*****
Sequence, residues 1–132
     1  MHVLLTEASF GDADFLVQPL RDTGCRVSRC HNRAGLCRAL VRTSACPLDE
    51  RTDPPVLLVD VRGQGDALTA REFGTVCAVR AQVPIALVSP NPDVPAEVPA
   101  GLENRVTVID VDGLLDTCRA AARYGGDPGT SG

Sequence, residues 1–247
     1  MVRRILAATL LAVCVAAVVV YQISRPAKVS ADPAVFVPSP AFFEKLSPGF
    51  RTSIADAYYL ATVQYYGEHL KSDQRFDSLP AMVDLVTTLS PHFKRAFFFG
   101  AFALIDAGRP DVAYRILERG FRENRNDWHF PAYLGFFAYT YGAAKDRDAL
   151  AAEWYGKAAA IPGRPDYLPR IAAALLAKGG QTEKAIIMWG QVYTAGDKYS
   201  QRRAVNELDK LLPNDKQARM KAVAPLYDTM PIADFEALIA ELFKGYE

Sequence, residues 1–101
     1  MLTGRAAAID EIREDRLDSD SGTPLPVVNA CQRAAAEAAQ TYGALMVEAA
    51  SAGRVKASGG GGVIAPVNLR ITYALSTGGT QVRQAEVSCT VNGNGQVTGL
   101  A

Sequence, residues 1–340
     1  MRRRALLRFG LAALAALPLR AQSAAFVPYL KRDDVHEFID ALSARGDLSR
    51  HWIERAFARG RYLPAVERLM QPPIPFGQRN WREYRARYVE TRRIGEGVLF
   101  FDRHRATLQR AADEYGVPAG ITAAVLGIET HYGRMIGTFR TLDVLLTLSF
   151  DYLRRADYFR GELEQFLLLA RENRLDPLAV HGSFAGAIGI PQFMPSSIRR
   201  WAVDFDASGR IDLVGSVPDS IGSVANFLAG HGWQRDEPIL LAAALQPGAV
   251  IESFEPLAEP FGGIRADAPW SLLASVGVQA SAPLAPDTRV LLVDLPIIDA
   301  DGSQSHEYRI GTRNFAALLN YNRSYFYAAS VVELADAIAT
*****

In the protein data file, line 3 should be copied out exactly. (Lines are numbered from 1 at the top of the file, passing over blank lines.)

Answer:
    51  RTDPPVLLVD VRGQGDALTA REFGTVCAVR AQVPIALVSP NPDVPAEVPA